Help fight Climate Change by making a donation to BirdLife International
Climate change is happening, it is largely caused by human activities, and it presents a catastrophic threat to nature and people now, and in the future.
Without ambitious and immediate mitigation efforts, global average temperature rise this century will exceed the globally agreed goal of pursuing efforts to limit the temperature increase to 1.5°C above pre-industrial levels.
Climate change and global warming have profound implications for BirdLife International’s conservation priorities and approaches. It affects the populations and distributions of species, the composition of ecological communities, and nature’s provision of goods and services – such as food, fuel and clean water. Climate change also compounds other major threats to biodiversity, such as invasive alien species, habitat fragmentation and overexploitation.
- BirdLife International delivers ground-breaking research on the impacts of climate change on biodiversity, to inform better decisions on the ground.
- By working to conserve and manage forests, peatlands and other habitats, through Nature Based Solutions (NbS), BirdLife’s Partnership of 115 national organisations is helping to reduce greenhouse gases in the atmosphere and support climate-smart Partner projects.
- BirdLife supports nature-sensitive renewable energy deployment and delivers solutions to governments, investors and developers to ensure these do not negatively impact biodiversity.
- BirdLife advocates for nature-sensitive and climate-smart safeguards in Multilateral Environmental Agreements.
- Our work shows that supporting community engagement and action can build the resilience of natural and societal systems.
- BirdLife advocates for the importance of healthy ecosystems to be recognised in national, regional and international climate change and development policy.
BirdLife International’s Climate Change programme combines cutting-edge science, policy analysis and practical experience to advocate and deliver appropriate climate change mitigation and adaptation solutions for nature and people.
We work across every level; from grassroots projects through to national level decision-making and to regional and global policy processes, such as the United Nations Framework Convention on Climate Change (UNFCCC). This means the actions for which we advocate are well informed by local experiences, and ensures that the voices of local communities are heard in national and international decision-making forums.
BirdLife continues to engage with and seek to inform financial institutions and developers on suitable nature-sensitive and climate-smart safeguards and investment activities that will ensure that biodiversity and ecosystem considerations are incorporated in lending decisions and implemented on the ground.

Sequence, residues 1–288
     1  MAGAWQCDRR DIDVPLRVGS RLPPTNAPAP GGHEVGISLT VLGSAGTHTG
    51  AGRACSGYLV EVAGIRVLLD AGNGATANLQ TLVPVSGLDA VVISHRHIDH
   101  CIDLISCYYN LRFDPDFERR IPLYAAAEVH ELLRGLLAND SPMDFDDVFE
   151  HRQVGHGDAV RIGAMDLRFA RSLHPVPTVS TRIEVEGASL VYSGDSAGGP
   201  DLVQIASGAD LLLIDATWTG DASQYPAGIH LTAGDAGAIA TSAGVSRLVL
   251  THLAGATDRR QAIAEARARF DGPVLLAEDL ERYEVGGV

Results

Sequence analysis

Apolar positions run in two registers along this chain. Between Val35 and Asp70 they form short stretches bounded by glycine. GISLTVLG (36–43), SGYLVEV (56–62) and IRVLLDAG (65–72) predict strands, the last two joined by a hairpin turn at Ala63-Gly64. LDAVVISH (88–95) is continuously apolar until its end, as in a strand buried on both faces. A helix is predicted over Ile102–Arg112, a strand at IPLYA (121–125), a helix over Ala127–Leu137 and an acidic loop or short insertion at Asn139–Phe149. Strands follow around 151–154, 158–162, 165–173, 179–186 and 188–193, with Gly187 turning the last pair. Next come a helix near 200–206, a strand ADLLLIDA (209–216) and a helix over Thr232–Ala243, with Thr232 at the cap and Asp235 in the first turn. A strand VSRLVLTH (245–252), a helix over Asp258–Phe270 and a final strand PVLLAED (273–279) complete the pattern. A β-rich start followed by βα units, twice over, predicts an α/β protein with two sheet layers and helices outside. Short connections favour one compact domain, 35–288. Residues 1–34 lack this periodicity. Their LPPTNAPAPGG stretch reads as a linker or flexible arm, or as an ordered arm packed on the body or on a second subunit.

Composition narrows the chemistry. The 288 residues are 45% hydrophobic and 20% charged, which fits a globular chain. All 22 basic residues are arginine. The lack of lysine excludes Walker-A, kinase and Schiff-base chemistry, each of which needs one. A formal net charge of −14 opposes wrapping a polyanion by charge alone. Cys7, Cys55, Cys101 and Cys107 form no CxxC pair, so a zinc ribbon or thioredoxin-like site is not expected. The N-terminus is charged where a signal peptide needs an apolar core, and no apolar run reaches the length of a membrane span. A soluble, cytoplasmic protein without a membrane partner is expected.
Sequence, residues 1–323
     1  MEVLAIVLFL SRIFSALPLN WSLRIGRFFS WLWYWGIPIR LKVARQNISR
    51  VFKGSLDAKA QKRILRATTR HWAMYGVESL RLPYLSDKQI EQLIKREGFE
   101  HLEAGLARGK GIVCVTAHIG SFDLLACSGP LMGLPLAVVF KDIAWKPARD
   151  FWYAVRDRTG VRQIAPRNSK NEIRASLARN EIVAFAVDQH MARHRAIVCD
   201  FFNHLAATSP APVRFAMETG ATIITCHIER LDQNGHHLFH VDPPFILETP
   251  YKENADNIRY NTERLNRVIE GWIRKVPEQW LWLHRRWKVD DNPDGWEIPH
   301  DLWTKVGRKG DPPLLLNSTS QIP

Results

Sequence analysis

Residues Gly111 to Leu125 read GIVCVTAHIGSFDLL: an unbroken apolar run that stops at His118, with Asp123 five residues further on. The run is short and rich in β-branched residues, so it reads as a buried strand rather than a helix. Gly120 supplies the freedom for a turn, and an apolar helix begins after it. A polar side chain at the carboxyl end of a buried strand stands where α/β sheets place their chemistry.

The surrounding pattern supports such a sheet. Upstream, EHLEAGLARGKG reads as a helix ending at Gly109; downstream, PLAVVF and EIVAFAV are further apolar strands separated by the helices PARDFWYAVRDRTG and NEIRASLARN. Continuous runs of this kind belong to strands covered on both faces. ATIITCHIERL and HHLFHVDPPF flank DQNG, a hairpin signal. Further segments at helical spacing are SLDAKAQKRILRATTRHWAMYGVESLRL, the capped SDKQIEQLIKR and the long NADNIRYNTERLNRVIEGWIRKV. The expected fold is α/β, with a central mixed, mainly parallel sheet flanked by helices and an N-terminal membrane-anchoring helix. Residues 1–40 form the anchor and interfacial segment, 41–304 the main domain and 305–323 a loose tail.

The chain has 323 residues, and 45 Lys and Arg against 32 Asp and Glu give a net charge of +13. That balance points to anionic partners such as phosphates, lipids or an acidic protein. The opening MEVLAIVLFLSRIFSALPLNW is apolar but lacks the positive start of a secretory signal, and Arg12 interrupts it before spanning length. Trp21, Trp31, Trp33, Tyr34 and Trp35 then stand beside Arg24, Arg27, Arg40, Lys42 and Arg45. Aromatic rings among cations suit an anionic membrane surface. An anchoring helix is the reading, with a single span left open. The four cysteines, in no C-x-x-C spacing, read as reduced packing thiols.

How we are fighting climate change
Climate change is one of the greatest threats facing people and biodiversity. And while renewable energy is among the best tools in our arsenal for addressing climate change and achieving the targets set in the Paris Climate Agreement, it can harm species and ecosystems if placed in wildlife sensitive areas.
This morning Patricia Zurita, CEO of BirdLife International, delivered an inspirational speech on behalf of international NGOs at the high-level segment of the Convention on Biological Diversity’s Conference of the Parties in Kunming, China, where the world’s nations are developing a new global framework to protect nature. This was her message.
Through our world-leading science, unique local-to-global policy reach and extensive on-ground conservation work around the globe, BirdLife is uniquely placed to guide on why and how we need to restore nature to build back better from COVID-19, tackle the climate and biodiversity crises, and improve health and well-being, as part of wider and long-term efforts to achieve an equitable, carbon-neutral, nature-positive future for all.
Biodiversity loss and climate change: two inextricably linked existential threats. Since 2015, we’ve had the universal climate goal of ‘1.5 degrees or under’. Now: introducing a Global Goal for Nature, what ‘nature-positive’ means and how it will be measured.
A new study analysing sites across the world has found that in most cases, economic benefits are higher when habitats are conserved or restored rather than converted to human uses such as farming. These findings add important ammunition to our fight for a greener future.
As global temperature rises, species will be driven across national borders to find suitable habitat. Physical barriers like the USA-Mexico wall and fences between Russia and China aren’t the only complication. BirdLife’s Chief Scientist Dr Stuart Butchart explains how countries experiencing the greatest species loss may be in the worst position to protect nature.
Birds and Biodiversity Targets
What do birds tell us about progress to the Aichi Targets and requirements for the post-2020 biodiversity framework?